‘The Society for Threatened Peoples was effectively put on notice, as was any organization that might look to ally itself with an individual China may call a ‘terrorist’’, said Openshaw. 

Following the decision, STP's Director Ulrich Delius said, '(t)he influence of authoritarian states in the world organization continues to grow. Non-governmental organizations must not be silenced just because they draw attention to serious human rights violations'.

These threats against Isa and intimidation of STP are simply the latest in Committee practice that has prompted concern by NGOs, and calls for reform.  

‘Clear principles and processes should underpin Committee practice to ensure that individuals and NGOs are never unduly maligned. These should include providing credible evidence in the case of  accusations of terrorism', said Openshaw.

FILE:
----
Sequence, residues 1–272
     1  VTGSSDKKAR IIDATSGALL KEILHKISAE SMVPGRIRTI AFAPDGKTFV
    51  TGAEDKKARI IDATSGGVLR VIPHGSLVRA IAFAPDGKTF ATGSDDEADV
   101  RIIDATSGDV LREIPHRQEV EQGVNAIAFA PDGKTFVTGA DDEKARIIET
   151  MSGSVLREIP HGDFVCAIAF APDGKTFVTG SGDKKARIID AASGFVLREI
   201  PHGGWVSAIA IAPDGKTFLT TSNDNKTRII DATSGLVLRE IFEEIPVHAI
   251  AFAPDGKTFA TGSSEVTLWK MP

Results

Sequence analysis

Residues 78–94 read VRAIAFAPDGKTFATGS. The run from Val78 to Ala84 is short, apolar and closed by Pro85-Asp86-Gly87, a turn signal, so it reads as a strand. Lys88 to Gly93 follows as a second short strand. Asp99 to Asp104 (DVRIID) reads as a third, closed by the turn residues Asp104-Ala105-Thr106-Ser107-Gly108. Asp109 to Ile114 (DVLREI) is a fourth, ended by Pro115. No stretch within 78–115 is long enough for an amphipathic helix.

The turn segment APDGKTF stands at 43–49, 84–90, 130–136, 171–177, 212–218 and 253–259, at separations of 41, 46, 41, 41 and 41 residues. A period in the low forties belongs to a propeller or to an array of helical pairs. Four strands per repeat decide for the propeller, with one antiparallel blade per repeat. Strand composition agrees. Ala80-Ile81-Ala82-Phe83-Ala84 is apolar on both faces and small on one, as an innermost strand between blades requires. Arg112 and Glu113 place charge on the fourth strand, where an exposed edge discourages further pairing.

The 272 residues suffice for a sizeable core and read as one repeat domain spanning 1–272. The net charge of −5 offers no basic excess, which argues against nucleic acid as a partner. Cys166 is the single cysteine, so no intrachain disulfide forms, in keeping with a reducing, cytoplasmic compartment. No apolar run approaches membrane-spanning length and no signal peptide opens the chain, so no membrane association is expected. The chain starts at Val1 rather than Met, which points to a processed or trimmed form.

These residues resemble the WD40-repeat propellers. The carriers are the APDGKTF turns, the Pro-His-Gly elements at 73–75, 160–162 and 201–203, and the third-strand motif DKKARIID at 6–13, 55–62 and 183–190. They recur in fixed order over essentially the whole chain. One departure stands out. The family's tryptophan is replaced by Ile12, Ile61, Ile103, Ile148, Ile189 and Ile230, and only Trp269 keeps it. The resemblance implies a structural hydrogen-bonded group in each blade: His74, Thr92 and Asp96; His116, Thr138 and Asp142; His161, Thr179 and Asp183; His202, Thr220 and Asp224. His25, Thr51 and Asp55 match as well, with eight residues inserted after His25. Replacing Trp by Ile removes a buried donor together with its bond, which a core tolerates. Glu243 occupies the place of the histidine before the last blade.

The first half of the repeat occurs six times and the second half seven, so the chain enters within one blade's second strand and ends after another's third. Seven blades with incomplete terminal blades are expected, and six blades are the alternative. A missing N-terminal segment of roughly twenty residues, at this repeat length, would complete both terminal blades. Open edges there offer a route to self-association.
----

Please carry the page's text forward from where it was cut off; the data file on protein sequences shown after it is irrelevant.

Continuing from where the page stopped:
‘The Chair of the Committee must take action. We call on him to make a statement to that effect on 11 June when the report of the most recent session of the NGO Committee is due to be adopted.’ 

Contact: Eleanor Openshaw, ISHR New York Office Co-Director. 

Photo: ISHR.

 

Reprisals | UN and States must do more to prevent and address reprisals

05.06.2018

The report, intended to inform the Secretary-General's annual report on cooperation with the UN, its mechanisms and representatives in the field of human rights, (aka the ‘Reprisals Report’), documents a disturbing pattern of intimidation and reprisals. It includes alleged cases of travel bans in Cuba in the context of the Universal Period Review this May; disappearances and detention of defenders and lawyers, as well as intimidation of their families in China; and the detention of women human rights defenders in Saudi Arabia following engagement with the UN Committee on the Elimination of Discrimination Against Women.